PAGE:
If you are boarding your sheep where there is a static horse population over time the horses might become completely oblivious to the sheep. My horses have no problem with the sheep and I use them to set out on horseback. However I have a friend whose horse bit the hell out of a sheep that had lived in the same pasture for over a year with no issues. The sheep almost died from the traimatic injuries sustained And I know of a serial sheep killing donkey as well.

Link to post
Share on other sites

The horse-sheep interaction is definitely a concern. I got a mini donkey and raised her with the flock and she's started causing problems chasing and biting--the sorts of problems I had hoped to avoid by raising her from a baby with the sheep.

 

At my old place, the horses next door always went on a running, snorting spree whenever the sheep came near their pasture. They lived within sight/soud of the sheep 24/7 and yet still seemed to use the presence of the sheep right next to their pastue as an excuse to act silly. Then again, I know horses that lived with sheep just fine. Unfortunately, whether the horses behave well around sheep is something you find out by trial and error, only in this case the error could be life-threatening for equine or ovine. <--of course all of this is why I suggested you start with discussing the necessity (or non-necessity) of shared facilities.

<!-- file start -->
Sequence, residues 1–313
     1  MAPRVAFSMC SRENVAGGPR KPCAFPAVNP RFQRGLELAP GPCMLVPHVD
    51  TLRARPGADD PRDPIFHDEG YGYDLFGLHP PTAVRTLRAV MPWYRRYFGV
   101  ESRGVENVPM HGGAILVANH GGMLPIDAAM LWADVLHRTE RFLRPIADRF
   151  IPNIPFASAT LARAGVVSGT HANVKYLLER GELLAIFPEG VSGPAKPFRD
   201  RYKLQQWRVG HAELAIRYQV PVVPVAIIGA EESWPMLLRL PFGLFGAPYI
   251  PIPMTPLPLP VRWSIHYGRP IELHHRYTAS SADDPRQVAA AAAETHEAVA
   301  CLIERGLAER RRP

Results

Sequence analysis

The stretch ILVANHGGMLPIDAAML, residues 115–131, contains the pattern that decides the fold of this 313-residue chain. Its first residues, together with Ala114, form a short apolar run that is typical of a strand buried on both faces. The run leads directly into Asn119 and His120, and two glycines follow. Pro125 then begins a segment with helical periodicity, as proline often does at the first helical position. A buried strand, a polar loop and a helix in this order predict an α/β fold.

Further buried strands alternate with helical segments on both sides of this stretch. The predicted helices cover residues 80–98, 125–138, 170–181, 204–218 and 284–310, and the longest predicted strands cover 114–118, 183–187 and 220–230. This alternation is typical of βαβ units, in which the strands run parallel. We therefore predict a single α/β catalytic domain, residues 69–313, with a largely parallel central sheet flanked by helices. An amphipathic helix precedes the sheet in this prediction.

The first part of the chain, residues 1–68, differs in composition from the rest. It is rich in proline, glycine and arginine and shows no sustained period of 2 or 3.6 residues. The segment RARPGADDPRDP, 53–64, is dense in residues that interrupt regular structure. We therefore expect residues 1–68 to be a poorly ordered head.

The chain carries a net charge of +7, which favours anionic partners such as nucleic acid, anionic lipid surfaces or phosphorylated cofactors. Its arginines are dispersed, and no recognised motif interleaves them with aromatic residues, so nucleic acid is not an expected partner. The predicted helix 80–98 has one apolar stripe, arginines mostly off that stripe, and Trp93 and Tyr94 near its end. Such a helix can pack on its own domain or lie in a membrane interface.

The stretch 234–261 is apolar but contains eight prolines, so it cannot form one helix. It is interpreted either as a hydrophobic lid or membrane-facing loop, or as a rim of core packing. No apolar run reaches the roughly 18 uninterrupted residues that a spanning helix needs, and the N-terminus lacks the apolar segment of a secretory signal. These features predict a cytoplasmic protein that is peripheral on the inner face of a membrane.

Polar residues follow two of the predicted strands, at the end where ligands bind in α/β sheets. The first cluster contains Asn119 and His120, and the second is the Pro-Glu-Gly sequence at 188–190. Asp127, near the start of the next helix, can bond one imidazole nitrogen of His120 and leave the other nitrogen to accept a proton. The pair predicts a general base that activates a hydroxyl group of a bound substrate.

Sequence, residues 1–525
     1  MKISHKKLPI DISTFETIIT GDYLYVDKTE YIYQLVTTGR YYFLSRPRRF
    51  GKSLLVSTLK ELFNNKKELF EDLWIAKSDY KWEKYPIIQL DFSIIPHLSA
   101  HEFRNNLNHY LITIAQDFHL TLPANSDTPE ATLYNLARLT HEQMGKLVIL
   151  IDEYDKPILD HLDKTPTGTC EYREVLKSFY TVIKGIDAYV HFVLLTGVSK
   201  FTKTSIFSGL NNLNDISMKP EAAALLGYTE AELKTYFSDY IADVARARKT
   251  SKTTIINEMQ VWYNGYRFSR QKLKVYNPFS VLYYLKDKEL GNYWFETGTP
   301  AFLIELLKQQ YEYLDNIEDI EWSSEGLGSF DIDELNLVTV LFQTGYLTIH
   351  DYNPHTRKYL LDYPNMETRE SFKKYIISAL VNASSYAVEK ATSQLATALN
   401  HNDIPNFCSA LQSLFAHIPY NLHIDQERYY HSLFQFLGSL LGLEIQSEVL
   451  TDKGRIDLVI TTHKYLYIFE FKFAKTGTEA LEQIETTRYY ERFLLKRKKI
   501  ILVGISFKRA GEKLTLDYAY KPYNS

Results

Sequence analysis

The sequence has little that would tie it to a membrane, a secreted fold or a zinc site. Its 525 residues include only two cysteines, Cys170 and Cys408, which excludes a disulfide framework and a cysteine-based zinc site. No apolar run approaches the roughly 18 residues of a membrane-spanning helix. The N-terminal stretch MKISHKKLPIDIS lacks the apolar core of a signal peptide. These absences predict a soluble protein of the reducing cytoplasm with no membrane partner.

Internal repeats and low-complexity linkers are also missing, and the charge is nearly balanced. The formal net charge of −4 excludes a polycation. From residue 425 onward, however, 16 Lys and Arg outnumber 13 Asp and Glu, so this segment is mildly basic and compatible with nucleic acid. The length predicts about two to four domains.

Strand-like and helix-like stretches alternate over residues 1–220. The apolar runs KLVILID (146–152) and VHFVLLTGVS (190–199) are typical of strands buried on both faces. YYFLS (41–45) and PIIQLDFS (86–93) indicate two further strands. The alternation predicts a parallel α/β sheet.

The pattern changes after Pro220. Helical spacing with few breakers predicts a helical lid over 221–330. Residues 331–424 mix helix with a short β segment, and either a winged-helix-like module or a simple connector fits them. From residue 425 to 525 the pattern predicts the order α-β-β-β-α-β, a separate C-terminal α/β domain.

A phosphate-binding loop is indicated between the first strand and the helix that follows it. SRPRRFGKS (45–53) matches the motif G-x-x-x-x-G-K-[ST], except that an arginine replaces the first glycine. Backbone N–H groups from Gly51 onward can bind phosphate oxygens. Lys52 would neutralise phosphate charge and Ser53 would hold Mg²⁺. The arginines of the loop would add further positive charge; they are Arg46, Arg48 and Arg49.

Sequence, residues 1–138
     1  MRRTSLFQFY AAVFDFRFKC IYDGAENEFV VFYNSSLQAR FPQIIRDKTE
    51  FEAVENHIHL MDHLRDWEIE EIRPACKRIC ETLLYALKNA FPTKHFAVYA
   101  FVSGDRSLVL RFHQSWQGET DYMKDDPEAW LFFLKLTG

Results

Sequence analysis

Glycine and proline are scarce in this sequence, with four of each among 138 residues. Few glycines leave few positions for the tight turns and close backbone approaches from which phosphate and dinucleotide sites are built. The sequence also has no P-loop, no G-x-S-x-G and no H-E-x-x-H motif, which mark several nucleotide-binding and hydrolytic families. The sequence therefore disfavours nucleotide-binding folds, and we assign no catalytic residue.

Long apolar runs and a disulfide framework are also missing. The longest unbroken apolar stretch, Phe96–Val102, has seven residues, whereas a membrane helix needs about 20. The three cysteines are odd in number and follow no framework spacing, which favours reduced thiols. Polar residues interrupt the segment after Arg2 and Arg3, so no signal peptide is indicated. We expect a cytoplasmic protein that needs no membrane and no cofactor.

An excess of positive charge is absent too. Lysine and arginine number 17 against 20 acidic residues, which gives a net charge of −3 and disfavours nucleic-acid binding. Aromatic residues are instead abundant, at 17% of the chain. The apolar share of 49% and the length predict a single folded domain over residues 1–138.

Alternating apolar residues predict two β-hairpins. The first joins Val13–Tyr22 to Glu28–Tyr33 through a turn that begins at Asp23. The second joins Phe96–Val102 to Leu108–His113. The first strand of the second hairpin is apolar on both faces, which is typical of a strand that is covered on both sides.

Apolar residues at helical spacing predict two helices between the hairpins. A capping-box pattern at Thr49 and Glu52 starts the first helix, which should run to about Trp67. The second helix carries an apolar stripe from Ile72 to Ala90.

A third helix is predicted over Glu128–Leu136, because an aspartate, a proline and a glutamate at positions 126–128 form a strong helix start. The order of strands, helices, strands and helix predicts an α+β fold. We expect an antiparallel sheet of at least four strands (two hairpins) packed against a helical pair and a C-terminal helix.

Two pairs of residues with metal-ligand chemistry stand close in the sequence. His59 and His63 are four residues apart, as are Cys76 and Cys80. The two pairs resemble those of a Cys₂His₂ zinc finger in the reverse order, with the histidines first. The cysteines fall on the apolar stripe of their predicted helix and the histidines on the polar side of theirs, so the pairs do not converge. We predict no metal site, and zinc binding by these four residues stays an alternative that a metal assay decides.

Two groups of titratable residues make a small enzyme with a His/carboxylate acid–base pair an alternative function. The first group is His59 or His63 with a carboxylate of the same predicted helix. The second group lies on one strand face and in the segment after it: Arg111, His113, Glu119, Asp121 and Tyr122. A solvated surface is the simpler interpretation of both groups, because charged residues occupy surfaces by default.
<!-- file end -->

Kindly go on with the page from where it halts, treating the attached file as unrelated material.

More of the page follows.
J.

Link to post
Share on other sites

You might check with the local large animal vets, feed stores ect and ask if there might be someone who has sheep closeby. Maybe someone who used to have sheep and would have the facilities available for you to rent. What comes to mind is maybe a couple who's kids are long gone and they used to have sheep when the kids were around. Maybe even check out the county fair and ask around, call local auction market, contact shearers ... Maybe there are better places out there than a horse boarding facitity but you have to know someone who knows someone.

 

Hope you find a good place

 

Denice

Link to post
Share on other sites

Join the conversation

You can post now and register later. If you have an account, sign in now to post with your account.

Guest
Reply to this topic...

×   Pasted as rich text.   Paste as plain text instead

  Only 75 emoji are allowed.

×   Your link has been automatically embedded.   Display as a link instead

×   Your previous content has been restored.   Clear editor

×   You cannot paste images directly. Upload or insert images from URL.

×
×
  • Create New...